Herodotus gives the name of the engineer as Eupalinos, son of Naustrophos, from the city of Megara, between Athens and Corinth. ‘Eupalinos’ is suspiciously similar to the epithet ‘eupalamos’, meaning ‘ingenious’, ‘inventive’ or ‘skillful’, and may possibly be a sobriquet given to the architect after the completion of his remarkable works. Megara had a notable tradition of building and engineering: Pausanias admires a famous fountain of Theagenes there (Descrip. I. 40.1). It is suggested by Herodotus that the workforce of this endeavour consisted of prisoners of war captured by Polycrates from Mytilene, and perhaps settled to the north of the Aghiades spring, in a place which currently takes its name from them—Mytilinii. But it should be recalled that this was not a Pharaonic project in scale: only two men could work on each cutting face at any one time, and the lack of space and of oxygen inside the tunnel, precluded the presence of more than the small number of workers needed to remove rubble and to ferry tools and water to and from. Estimates vary between 5 and 15 years for the time taken to complete the tunnel; the median of 10 years seems credible, based on the amount of progress possible per day. Eupalinos’s design, though perfectly logical, was nonetheless susceptible to human error and unforeseen natural difficulties; the spectre of failure, and its possibly dire personal consequences for him, must have haunted him until the two tunnels successfully met under the mountain.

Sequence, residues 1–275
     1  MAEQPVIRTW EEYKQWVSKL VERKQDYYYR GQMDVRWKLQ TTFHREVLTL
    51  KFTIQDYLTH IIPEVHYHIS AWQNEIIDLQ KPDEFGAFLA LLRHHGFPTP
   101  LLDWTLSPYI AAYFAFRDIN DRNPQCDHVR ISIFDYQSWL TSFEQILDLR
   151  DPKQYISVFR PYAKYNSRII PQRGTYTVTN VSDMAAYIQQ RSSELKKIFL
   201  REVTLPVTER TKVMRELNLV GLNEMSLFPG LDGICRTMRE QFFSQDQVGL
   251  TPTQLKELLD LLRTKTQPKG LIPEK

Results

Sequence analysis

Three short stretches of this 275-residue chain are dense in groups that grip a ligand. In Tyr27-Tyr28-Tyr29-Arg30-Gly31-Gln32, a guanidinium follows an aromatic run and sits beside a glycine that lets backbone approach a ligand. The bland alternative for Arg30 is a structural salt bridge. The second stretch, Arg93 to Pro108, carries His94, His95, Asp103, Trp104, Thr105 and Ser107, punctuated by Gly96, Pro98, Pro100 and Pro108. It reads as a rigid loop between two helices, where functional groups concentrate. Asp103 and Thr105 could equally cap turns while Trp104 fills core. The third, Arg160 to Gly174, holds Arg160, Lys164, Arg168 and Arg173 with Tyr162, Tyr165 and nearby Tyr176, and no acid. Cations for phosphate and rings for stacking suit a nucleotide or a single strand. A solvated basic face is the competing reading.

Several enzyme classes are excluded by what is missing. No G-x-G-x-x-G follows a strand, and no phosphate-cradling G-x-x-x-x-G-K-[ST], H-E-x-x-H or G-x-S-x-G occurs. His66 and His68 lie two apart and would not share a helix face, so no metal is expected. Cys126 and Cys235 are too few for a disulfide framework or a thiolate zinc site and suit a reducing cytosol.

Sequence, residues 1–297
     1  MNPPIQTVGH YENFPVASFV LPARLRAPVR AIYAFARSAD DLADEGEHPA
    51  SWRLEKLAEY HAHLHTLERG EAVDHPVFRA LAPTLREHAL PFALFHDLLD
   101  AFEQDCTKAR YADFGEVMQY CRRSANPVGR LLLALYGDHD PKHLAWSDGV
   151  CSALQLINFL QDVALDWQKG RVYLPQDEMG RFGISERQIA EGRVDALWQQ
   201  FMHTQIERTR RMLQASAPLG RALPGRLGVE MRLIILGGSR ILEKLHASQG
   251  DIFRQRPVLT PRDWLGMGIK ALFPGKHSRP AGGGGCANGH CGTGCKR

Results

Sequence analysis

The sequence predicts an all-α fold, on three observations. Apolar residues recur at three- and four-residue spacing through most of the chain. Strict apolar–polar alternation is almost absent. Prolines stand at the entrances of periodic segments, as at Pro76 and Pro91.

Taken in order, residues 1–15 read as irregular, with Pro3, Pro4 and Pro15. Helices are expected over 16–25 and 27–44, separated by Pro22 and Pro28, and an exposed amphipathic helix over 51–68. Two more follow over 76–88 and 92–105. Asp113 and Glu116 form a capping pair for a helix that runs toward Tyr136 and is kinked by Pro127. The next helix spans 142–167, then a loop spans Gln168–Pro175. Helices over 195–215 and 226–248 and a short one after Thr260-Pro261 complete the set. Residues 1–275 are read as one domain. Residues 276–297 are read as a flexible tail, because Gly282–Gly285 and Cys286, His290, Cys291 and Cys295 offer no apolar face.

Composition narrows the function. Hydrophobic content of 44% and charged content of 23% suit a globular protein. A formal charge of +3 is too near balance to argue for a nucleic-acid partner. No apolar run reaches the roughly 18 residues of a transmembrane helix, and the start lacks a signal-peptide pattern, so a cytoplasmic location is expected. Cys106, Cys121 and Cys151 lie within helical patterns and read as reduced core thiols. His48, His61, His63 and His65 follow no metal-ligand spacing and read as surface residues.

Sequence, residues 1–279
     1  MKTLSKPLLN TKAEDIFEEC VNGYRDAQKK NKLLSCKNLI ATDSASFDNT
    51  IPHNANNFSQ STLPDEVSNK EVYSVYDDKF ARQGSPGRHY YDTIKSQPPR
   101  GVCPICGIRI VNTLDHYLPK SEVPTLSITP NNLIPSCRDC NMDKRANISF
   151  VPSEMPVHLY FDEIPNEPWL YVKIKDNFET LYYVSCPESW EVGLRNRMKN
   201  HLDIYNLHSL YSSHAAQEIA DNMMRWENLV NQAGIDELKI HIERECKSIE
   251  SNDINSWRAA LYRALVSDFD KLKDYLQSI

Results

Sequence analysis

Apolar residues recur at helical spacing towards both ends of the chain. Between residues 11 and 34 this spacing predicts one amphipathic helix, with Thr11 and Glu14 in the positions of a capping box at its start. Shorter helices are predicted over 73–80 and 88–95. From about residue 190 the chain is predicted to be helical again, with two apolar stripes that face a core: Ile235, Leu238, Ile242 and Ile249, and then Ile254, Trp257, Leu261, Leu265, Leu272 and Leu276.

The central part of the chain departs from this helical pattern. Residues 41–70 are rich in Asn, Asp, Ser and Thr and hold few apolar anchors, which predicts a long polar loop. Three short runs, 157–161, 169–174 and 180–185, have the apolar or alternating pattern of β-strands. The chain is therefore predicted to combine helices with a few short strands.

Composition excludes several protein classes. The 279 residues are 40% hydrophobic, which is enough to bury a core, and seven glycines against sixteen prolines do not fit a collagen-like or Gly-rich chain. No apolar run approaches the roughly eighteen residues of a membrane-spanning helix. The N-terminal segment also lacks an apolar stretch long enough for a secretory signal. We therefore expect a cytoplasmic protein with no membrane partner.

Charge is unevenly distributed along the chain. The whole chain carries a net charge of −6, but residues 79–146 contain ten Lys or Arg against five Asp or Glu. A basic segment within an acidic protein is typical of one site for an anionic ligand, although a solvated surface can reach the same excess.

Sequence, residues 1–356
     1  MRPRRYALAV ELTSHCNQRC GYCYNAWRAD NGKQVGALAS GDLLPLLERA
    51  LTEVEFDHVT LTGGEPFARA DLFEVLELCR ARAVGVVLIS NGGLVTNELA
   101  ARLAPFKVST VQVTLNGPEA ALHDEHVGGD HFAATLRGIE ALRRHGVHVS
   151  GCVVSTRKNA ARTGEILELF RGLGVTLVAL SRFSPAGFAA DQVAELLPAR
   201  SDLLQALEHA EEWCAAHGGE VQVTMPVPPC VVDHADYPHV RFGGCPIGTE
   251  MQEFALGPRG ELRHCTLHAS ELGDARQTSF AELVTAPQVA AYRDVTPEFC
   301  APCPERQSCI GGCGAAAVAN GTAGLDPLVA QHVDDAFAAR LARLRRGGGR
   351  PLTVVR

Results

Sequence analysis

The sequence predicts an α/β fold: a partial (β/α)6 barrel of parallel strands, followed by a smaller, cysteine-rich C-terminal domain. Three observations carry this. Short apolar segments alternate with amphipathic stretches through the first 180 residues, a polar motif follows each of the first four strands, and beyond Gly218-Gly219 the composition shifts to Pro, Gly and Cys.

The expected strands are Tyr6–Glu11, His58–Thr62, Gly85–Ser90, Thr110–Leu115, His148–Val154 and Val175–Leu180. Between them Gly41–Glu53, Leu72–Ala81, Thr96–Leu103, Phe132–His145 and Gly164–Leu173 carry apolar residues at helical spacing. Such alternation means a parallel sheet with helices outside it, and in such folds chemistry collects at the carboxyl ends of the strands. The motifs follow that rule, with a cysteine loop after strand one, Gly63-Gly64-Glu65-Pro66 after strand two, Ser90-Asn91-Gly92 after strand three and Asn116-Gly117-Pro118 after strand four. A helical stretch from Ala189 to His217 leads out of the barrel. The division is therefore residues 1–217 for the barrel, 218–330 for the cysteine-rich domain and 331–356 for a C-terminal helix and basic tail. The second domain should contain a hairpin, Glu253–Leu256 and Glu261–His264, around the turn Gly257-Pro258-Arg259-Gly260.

Samos Island is part of the Northern Aegean Island Group, Greece.